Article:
As China has grown and developed, so has its influence on its neighbor countries. Like a pebble dropped into a pond, those ripples of economic development and GDP growth have spread out far beyond even China’s now fashionable second- and third-tier cities. China Briefing Magazine used to introduce, even years ago the exotic investment destinations in China’s Western regions. Now we produce material on India, Vietnam, Russia and Emerging Asia. China in the past two decades has grown from being what for many was a two city country, (Beijing and Shanghai) to three (Guangzhou) and is now way beyond that.

Understanding China and the opportunities it represents has spilled over the borders, and those ripples spread far and wide. China’s economic development is now affecting in a major way the economies of Vietnam, Russia, and Kazakhstan. It solely supports North Korea as a state – and as a direct consequence even foreign investment in the country, for example Nick Bonner’s now famous Koryo Tours as well as a handful of quietly operating private bankers and investment firms. Our site even features a monthly DPRK update. China is now a major inter-continental investor – consultants from Africa and Latin America are thriving on their expertise.

China then, in appreciating and being able to react to what is going on, and where the business and investment opportunities lie, has gone from being a unilateral play, with perhaps just one initial foreign invested location on the radar in-country, to a multilateral play. It is important that foreign investors looking at the country realize this – increasing costs and competition alter the perceived dynamics of trade. What was a good bet 10 years ago as an investment may now be superseded. A decade ago, Pou Chen, the huge Taiwanese group, built a footwear business park just outside Guangzhou. Pou Chen encouraged a number of foreign partners to establish operations there, everyone from tanneries to rubber sole manufacturers to lace eye metal producers. It was a tremendous success – but now the cost benefits for the shoe industry are increasingly shifting to Vietnam.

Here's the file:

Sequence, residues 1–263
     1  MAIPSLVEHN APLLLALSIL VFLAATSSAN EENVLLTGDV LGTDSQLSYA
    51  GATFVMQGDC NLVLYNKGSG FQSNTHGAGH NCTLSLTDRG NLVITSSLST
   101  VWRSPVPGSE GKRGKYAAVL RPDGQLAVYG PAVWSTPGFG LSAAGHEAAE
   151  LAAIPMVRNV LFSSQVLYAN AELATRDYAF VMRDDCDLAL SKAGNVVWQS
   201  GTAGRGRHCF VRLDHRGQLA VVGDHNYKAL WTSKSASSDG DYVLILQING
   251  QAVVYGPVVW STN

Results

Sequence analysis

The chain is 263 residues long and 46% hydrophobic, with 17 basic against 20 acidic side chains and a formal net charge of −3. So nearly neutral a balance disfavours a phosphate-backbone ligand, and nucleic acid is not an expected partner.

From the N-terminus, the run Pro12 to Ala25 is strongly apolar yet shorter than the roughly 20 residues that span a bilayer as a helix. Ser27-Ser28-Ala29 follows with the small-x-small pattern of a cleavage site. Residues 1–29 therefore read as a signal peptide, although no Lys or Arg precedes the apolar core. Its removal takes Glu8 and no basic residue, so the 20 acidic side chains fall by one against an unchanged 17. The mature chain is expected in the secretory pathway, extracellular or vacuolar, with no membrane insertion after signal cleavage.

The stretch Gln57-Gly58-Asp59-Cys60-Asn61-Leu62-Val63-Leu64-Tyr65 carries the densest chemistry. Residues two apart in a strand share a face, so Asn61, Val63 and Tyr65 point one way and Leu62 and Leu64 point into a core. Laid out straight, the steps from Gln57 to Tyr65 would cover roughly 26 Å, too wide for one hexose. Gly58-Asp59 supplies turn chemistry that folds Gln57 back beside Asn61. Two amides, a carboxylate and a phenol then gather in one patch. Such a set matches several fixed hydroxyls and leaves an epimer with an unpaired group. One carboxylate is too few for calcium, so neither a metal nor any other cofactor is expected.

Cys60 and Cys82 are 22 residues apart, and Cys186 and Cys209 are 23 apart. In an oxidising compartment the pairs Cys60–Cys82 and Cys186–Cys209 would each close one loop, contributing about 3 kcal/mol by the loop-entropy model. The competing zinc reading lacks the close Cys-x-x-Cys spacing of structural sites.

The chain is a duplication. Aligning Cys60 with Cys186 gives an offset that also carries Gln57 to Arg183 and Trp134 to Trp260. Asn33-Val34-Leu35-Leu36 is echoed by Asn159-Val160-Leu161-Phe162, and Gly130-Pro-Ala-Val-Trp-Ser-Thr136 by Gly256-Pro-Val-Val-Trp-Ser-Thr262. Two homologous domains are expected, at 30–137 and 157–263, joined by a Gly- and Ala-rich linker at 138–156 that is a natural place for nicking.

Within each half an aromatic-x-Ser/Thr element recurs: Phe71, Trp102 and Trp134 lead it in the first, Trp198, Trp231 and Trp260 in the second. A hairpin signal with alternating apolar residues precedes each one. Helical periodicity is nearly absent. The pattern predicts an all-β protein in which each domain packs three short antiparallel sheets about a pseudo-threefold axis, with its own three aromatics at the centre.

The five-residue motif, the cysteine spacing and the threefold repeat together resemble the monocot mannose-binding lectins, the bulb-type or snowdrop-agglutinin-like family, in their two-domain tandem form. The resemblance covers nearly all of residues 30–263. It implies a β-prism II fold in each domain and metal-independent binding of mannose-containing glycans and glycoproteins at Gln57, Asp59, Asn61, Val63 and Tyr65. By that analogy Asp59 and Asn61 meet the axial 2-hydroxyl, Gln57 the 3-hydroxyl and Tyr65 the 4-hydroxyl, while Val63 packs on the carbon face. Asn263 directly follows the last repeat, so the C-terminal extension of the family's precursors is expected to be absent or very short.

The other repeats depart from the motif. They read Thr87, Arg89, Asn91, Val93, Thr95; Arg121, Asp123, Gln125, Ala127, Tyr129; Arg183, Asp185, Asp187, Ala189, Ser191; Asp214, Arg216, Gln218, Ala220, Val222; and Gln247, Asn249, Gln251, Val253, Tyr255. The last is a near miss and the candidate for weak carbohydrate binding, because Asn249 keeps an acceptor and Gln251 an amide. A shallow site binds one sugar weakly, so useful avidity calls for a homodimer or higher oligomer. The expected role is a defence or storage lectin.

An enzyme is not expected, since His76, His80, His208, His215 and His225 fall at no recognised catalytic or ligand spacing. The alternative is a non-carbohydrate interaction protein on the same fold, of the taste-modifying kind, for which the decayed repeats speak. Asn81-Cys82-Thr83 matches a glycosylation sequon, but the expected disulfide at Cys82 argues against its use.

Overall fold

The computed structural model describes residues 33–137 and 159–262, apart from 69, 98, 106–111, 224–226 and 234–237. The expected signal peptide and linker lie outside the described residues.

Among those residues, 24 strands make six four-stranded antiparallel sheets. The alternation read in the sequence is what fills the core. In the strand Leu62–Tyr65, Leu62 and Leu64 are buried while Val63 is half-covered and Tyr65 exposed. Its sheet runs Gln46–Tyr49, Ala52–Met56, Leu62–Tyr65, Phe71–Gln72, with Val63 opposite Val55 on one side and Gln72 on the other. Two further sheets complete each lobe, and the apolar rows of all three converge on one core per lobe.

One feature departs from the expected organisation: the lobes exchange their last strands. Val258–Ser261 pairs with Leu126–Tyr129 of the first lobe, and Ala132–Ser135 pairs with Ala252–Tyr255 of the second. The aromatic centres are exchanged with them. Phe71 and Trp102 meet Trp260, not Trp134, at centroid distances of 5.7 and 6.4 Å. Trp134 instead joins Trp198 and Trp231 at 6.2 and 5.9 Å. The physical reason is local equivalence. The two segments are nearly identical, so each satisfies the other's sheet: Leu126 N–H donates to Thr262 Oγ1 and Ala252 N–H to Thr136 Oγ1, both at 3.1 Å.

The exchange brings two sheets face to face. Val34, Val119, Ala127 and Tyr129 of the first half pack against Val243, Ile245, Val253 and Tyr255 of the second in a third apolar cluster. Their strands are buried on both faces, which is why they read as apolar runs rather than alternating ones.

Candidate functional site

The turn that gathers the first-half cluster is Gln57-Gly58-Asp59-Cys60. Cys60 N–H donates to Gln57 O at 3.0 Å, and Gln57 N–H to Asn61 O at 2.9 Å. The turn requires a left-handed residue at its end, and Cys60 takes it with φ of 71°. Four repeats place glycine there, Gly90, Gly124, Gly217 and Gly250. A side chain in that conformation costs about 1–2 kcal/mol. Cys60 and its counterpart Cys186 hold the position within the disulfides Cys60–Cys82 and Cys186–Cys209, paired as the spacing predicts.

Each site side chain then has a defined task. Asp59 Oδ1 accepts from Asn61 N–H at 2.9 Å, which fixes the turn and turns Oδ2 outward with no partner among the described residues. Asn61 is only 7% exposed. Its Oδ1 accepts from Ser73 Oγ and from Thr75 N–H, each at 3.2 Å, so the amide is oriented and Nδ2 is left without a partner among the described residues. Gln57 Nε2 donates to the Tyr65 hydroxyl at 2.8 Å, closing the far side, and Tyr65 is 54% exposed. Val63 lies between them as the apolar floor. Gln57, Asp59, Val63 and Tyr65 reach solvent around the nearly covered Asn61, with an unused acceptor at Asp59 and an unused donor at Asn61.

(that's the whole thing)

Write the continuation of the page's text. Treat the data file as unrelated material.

India too, is generating some heat for Chinese manufacturers, even on their own soil. Indian MNC’s, especially in the auto sector, are casting eyes at servicing China’s domestic markets. Other industries will follow, and this will also change the dynamics of competition and space for China. It means that the China expertise can no longer be viewed from the perspective of Beijing or Shanghai. It requires a multilateral approach, because as huge as China is, those multilateral plays will be affecting what goes on internally in China, just as much as China affects them. ASEAN alone, with its population of 580 million is beginning to have an impact on the opportunities in China as well as the markets beyond it. This trend, accelerated by the pure speed of global communications, where it is possible to obtain quotes from suppliers in Wuxi as easily as it is from Chennai or Ho Chi Minh City means the smart money is on Emerging Asia. China may be its hub, but it’s the multilateral dimension that counts when making informed decisions. Understanding China properly means viewing the country as a multinational play.

Chris Devonshire-Ellis is the principal and founder of Dezan Shira & Associates, a foreign direct investment practice specializing in the Emerging Asia region. The firm maintains offices throughout China, Hong Kong, India and Vietnam. Contact: